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Should You Include a Robot Pet in Your Care Plan?

Should You Include a Robot Pet in Your Care Plan?
Image source: https://www.instagram.com/elephant_robotics/p/C45ko7MtkqO/]

Credit: @elephant_robotics on Instagram

Should You Include a Robot Pet in Your Care Plan? Although there is no cure for Alzheimer’s, there is a bounty of evidence that proves social interactions are invaluable to patients. Experts from the Alzheimer’s Association explain that regular socialization can uplift spirits and act as a means of grounding patients. This is why many care plans include regular family visits, group therapies, and the like. 

However, since some patients require more consistent and intimate companionship, many healthcare specialists suggest taking on a pet. On top of helping boost cognitive function thanks to the stimulation they provide, pets can also help improve physical wellness by encouraging seniors to move more. Unfortunately, for all the perks that a furry friend can bring, they do require resources that not all patients or carers can provide. This is where robot pets can come in, which is why they’re worth considering for an Alzheimer’s care plan.


Understanding robot pets

As their name implies, robot pets are non-living machines designed to look and act like pets. Today, robot pets mimic different animals, but the most common take after domesticated pets like dogs and cats. As such, they can pur, bark, meow, accomplish basic tricks, and even respond to unique stimuli, depending on the manufacturer. For instance, ELEPHANT ROBOTICS’ MetaCat Ragdoll can recognize up to 29 voice commands to perform “tricks.” At the same time, it has three built-in sensors so it can react appropriately to physical touch. With these abilities, robot pets can provide the same comfort and stimulation that real animals can, albeit in a more controlled way.

Why robot pets are great for Alzheimer’s patients 

So, just how can robot pets help Alzheimer’s patients, in particular? Firstly, by providing companionship without requiring a patient to overextend themselves. Just as having company is great, some patients may find themselves overstimulated when there is too much energy going on around them. With robot pets, there is no risk of this happening, as they can be turned on and off as needed. Second, robot pets can help with elderly psychology by coming with pre-installed features that can encourage patient participation. For example, while robot pets don’t need to be fed real food, patients can still groom and play with them. This can enhance cognition over time.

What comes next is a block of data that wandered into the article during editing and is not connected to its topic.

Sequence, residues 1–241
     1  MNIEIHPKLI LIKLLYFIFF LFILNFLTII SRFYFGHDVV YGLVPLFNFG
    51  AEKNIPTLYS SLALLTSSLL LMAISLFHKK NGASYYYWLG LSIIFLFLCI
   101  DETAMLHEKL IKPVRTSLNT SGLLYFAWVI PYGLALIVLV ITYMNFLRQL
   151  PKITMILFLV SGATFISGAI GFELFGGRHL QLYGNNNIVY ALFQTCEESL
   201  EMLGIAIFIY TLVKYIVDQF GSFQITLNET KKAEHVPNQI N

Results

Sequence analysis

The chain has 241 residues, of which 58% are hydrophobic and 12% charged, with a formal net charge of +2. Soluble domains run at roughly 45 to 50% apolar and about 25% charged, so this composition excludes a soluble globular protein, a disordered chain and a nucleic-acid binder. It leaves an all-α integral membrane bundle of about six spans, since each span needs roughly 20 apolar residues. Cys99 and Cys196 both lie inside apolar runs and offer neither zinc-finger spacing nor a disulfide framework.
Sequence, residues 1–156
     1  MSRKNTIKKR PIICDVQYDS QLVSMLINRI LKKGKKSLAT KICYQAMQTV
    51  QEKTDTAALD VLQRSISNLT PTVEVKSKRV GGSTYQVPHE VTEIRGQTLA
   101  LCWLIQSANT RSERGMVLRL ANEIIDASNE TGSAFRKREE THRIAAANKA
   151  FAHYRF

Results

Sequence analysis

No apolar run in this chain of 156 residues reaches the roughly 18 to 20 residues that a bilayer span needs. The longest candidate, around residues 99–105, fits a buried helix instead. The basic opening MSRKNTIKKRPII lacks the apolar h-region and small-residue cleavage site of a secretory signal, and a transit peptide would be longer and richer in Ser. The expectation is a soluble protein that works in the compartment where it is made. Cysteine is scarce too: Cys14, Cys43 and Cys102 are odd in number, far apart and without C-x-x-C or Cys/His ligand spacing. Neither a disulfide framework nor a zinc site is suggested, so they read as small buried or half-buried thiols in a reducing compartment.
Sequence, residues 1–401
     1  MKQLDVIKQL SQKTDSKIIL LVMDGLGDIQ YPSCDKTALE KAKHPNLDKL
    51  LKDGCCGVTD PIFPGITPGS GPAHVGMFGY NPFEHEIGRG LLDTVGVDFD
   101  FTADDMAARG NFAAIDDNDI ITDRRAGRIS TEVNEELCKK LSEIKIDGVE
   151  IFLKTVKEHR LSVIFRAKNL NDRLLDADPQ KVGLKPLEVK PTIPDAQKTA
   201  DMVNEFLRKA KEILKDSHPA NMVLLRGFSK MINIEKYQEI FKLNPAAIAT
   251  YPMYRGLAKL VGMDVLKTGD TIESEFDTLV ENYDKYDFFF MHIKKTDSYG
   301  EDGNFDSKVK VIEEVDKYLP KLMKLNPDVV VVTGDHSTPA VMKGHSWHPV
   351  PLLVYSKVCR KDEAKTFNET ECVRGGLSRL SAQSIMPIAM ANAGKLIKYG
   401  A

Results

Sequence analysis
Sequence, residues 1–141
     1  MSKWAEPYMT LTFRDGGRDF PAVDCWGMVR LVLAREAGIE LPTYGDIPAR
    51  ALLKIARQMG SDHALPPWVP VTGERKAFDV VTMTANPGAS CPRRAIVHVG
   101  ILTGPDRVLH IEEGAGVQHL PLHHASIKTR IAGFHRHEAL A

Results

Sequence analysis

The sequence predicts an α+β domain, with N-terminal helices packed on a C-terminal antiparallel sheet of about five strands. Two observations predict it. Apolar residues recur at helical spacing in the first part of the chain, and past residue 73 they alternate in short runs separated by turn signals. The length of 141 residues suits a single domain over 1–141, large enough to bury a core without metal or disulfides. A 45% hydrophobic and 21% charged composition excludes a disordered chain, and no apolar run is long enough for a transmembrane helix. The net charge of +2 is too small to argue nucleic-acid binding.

Next, robot pets can also be customized to suit a patient’s needs. To illustrate, patients who are prone to feeling anxious may enjoy a model like ROYLCO’s Theo the Therapy Dog. Designed to have weighted paws, ceramic beads that can be cooled or heated, and a soothing lavender aroma, this robot pet can help calm a restless patient. Finally, since Alzheimer’s is a progressive chronic illness, the cost-effectiveness of robot pets cannot be overlooked. So long as they’re stored properly and charged regularly, robot pets require relatively simple and budget-friendly maintenance. This is also helpful for carers who can actually integrate robot pets into their patient’s routines. All of these benefits are why some healthcare providers have already begun offering robot pets to their patients. Case in point, over 5,000 robot pets have already been distributed to those with dementia in Alexandria, Virginia. 

In closing, robot pets definitely have a role to play in Alzheimer’s care plans. While some may still prefer traditional furry companions, the ease of robot pets means that they can provide multiple advantages without compromising the patient, the carer, or the real-life pet.

Article written by Rosette June

Fading Memories was created to support family caregivers in a simple, on-demand form. When I was looking for advice on caring for my Mom, I needed this podcast. Since it didn’t exist, I created what I needed!
Jen – pod host

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